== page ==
Admitted vs Non-Admitted Insurance
Admitted vs. Non-Admitted Insurance

Admitted insurance is state-regulated and approved, and financially guaranteed by each state's guaranty funds. Non-admitted insurance is commercially regulated high-risk insurance that states do not financially guarantee, e.g., coastlines or floods, and is backed by multinational banks. Non-admitted insurance essentially fills a void in the high-risk market.

State-licensed insurance companies (carriers) and brokers can and typically offer both admitted and non-admitted insurance policies, e.g., Lloyd's of London offers insurance in all 50 states but provides admitted policies in only a few states. Let us explore further, so you understand the type of insurance product that is best for you.

What is Admitted Insurance?

Admitted insurances are insurance products regulated by states, guaranteed by the state's guaranty fund, and have the state's approval for general use. Admitted insurance companies pay into this fund, and the fund pays claims if an insurer becomes insolvent. Most standard insurance for homeowners classifies as admitted insurance.

Admitted insurance has the following features:

  • The policy complies with state regulations.
  • The carrier pays various fees and taxes, so the buyer does not have to worry about other insurance-related expenses.
  • You can submit an appeal to the state insurance commission or department of insurance if you disagree with your insurer's decision on a claim.
  • The state guarantees the policy, so if the carrier fails financially, the state will pay your insured claims, as necessary.
  • The carrier pays a percentage of admitted policy income to the state for their insurance guaranty funds.

What is a Non-Admitted Insurer?

Non-admitted insurers sell high-risk non-admitted insurances and specialty insurance products backed by financial institutions, e.g., AIG or Lloyds of London. Their products are regulated by both the state and bank governing bodies. They focus on small specialty markets, unpredictable, high-risk perils, and new products with minimal risk data.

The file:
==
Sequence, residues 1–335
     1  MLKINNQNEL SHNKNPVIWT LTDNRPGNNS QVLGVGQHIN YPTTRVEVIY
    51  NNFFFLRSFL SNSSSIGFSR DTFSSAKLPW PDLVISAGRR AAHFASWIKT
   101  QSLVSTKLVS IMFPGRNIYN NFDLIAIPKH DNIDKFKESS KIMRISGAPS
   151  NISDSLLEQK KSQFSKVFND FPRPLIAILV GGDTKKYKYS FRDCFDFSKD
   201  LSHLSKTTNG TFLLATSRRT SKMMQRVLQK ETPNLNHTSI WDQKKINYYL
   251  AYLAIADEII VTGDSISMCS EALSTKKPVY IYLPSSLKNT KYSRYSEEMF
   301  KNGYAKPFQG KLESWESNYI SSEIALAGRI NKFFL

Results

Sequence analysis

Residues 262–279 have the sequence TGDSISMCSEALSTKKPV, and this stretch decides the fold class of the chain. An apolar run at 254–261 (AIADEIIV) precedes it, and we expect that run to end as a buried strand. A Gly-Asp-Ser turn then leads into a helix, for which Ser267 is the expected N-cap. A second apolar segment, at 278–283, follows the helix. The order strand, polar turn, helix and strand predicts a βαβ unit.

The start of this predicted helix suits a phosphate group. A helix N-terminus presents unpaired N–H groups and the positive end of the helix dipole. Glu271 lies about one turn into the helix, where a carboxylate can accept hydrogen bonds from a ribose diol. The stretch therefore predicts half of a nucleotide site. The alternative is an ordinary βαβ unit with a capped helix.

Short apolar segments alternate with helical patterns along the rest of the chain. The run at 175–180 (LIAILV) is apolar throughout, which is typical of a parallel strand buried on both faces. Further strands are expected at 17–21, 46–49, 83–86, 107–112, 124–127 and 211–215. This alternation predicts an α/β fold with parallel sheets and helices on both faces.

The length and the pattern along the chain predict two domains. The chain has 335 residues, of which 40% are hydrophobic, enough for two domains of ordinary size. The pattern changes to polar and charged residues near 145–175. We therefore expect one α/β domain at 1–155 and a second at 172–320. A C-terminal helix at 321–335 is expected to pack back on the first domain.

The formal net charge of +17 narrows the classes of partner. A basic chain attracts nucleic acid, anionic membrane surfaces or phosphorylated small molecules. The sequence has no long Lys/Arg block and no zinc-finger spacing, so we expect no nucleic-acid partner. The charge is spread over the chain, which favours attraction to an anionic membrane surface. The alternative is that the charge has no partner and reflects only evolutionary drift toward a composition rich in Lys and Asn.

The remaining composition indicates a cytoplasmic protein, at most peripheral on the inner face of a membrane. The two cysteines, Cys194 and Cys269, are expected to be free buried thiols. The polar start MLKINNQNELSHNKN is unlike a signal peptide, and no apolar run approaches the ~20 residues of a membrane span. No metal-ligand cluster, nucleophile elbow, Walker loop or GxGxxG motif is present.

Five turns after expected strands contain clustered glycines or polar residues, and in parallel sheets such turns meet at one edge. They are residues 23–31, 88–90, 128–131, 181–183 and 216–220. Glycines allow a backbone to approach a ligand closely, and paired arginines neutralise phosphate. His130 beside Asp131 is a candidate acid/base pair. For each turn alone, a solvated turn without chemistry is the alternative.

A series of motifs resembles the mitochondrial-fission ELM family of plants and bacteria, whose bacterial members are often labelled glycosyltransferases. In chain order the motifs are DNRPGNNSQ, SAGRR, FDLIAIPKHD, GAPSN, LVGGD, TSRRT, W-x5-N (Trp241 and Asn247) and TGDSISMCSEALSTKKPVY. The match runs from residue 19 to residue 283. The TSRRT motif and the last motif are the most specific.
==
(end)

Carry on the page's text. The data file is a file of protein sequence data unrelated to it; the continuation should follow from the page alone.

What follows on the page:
The state does not restrict non-admitted insurance carrier product fees. In a sense, this makes the insurance market more competitive and motivates non-admitted insurers to issue unique insurance products that meet special needs that admitted products do not, e.g., hunting insurance. They can insure your lakefront home, a forest cabin, or a home floating above the ocean. They have greater flexibility to meet your needs.

Non-admitted insurers have the backing of huge firms like Lloyd's of London instead of the state. Lloyd's of London is the most prominent writer of non-admitted insurance. AM Best reported in 2018 Lloyd's insured 23.6% of the total non-admitted insurance market and wrote $11.8 billion in premiums. American International Group (AIG) was second at 7.1% of the U.S. market.

Corporations, governments, movie companies, and government agencies like NASA all use non-admitted insurance coverage.

What is Non-Admitted Insurance
Why Do States Not Back Some Insurance Products?

States will not back non-admitted insurance products because they are too financially risky for the state fund:

  1. Non-admitted insurance products are new and innovative with no loss history, and therefore they have no predictable financial models, which make them higher risk. Often, after a new product has generated sufficient data, it becomes a standard product in the admitted market.
  2. Most admitted company financial models are structured to serve a large market. Therefore, they bypass specialty markets, like farming insurance, so these products remain in with non-admitted niche insurers.
  3. The devastation of some perils, like floods and earthquakes, is extremely unpredictable. The states do not have the funds to guarantee payouts to insurers in the event of a catastrophic disaster.
  4. Sometimes a policyholder needs an unusually high level of coverage that insurers are willing to provide. In this case, brokers call upon specialty carriers who will offer the policy.

How are Non-Admitted Insurers Regulated?

Non-admitted insurance products are regulated, they are just regulated differently and by different governing bodies than admitted insurance.

There are several regulating bodies, each with unique oversight.

1. Non-admitted insurance carriers are regulated by